The Battle of the Labyrinth Book Review

Percy Jackson isn’t expecting freshman orientation to be any fun.  But when a mysterious mortal acquaintance appears on campus, followed by demon cheerleaders, things quickly move from bad to diabolical.

–back cover

Other books in the Percy Jackson and the Olympians series: Book 1, Book 2, Book 3, Book 4, Book 5

Book 4:

The Battle of the Labyrinth

by Rick Riordan


And so we have come to book four. Well, as with all Percy Jackson books, this one starts with a quest: Kronos’s armies are ready to launch an attack and Camp Half-blood is their target. However, they’re in California and the camp is in New York. To transport an army of monsters across the U.S in a short time isn’t easy to do using any human methods and that’s why Kronos has decided to use the Labyrinth of ancient Greek myth . Like all of the myths, the Labyrinth moves with Western civilization. Now it lies underneath the U.S with countless doors and passages leading up to random spots all over the country. It’s always growing, always changing, and impossible to solve– unless you have a map. With Kronos’s armies on the move, Percy and his friends must go deep into the labyrinth and find its creator, Dedalus, before Kronos does, in order to get the only thing that can lead you through the Labyrinth, Ariadne’s string. Without it, it could be months until Kronos gets to Camp Half-blood, and that’s time the campers cannot afford to lose. Unless they have time to prepare, they’ll without a doubt fall to Kronos’s armies and without their demigods, the real gods, and all of the civilized world, will fall too. Percy’s on a mission not only save his friends but the very essence of progress, in what may be he most dangerous quest yet.

This book really makes up for the gentle lulling plot of the last one. It’s action packed. Really. Percy gets to pull some awesome moves against some great monsters and I absolutely love it. The only bad thing about this book’s plot is that during the course of events the characters seem to forget their motives, and when they remember them, they are overstated as if to prove that, yeah, this is why we did all this stuff all along. Nevertheless, Riordan has crafted a Greek wonder. The labyrinth takes Percy on the ride of his life and I happily joined him. We are brought all over America, to places teeming with monsters to lonely islands inhabited by banished gods. There is drama, tons of action, and as always Percy’s hugely humorous narration to go along.

Characters new and old are brought into play. Some of them, such as Rachel Elizabeth Dare, a girl who can see through the mist (the veil that protects mortals noticing from monsters) will infuriate you to no end, in a very good way. Others, like Nico, will have you begging for more. The story moves quickly, coming to a very climatic end, which as usual, will have you begging for more. There is so much packed into this book, I’m surprised that Riordan managed to keep it condensed and well-paced. He never goes on too long about anything or drags things out unnecessarily.  There were  only a few times where Percy was inside the labyrinth and I wanted him to do something else. But it’s like book reads me because just as soon as I felt that way, the scenes would change and I’d be unable to put it down again.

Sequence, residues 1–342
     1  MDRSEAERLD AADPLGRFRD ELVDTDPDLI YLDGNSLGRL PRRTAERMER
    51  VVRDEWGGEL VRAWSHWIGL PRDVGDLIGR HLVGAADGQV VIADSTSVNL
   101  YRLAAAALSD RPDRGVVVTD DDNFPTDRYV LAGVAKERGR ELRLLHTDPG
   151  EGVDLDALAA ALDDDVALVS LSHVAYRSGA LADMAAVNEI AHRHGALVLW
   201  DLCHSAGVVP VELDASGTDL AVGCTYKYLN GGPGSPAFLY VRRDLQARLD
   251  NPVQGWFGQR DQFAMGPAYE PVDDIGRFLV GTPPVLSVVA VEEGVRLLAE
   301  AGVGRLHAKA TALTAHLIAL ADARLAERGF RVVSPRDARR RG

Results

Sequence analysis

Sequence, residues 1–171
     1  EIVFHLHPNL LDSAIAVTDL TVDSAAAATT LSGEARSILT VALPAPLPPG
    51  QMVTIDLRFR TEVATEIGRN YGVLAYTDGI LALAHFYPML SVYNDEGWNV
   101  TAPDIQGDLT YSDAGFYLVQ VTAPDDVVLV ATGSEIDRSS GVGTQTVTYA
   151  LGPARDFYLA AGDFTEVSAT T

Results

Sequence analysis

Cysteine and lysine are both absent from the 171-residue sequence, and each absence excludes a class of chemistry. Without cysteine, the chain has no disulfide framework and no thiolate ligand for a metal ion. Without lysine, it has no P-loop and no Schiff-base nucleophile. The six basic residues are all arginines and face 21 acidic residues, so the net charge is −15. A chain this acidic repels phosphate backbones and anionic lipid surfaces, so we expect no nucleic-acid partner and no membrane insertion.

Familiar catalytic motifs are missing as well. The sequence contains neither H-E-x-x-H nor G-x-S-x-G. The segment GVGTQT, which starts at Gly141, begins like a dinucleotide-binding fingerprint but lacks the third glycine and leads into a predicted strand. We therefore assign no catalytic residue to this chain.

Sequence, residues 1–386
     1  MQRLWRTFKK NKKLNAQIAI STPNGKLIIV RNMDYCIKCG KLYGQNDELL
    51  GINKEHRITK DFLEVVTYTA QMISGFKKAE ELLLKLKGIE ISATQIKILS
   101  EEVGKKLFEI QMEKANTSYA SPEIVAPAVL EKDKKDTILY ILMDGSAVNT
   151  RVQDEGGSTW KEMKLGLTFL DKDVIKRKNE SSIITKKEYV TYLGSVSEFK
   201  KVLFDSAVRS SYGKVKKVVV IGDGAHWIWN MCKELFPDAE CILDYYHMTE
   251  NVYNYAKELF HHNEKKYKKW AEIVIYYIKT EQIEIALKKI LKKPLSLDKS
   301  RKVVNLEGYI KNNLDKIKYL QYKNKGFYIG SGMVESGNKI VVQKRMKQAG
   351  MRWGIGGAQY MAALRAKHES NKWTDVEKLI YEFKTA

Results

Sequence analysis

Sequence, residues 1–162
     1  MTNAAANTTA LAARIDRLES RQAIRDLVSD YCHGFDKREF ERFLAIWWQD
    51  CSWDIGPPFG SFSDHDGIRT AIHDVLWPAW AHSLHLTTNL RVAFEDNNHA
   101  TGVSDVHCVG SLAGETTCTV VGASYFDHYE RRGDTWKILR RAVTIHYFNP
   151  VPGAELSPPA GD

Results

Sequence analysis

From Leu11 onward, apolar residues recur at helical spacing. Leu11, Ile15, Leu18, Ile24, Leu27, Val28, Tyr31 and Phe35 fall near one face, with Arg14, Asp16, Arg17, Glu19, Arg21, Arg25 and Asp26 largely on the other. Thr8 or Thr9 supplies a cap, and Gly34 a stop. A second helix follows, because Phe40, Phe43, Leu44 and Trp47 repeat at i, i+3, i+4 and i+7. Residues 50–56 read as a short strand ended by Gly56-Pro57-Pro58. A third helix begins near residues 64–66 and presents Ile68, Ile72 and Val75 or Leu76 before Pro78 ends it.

Percy Jackson has always kept me well entertained and there are some scenes in here that will make you want to seriously cry. Either from laughter or actual sadness. I love Percy’s spirit, values, character– everything. In fact, out of all the books I’ve ever read, if I could chose one person to come to life, it would be Percy. Not just because he’s a demigod, but because he is so well written, so entirely human, that you cannot help but wish he was your friend.

This book was definitely worth the year I had to wait for it and the day I spent reading it. In fact, it’s always worth the time I spend reading it. Every. Single. Time.


Ri’s Rating:


0. Couldn’t get past chapter one for fear of wanting to kill myself. Book induced suicide…

1: Yuck. Ew. Below Average. Probably didn’t even read the middle and skipped to the end.

2. Ok. Would’ve been better if I’d written the ending and everything else.

3. Not bad at all. Very enjoyable. Quite nice. Recommendable.

4. My kind of book. Near ideal, but something was a little off (annoying names, bad ending, that sort of thing).

5. WOW. Makes me wonder why people watch T.V when this is out there. Really liked it. Don’t expect to see this often.

6 and above. What I want my book to be.

Leave a comment

1 Comment

  1. Wow, nice job with all the reviews!


Speak thy mind

Fill in your details below or click an icon to log in: Logo

You are commenting using your account. Log Out /  Change )

Google+ photo

You are commenting using your Google+ account. Log Out /  Change )

Twitter picture

You are commenting using your Twitter account. Log Out /  Change )

Facebook photo

You are commenting using your Facebook account. Log Out /  Change )


Connecting to %s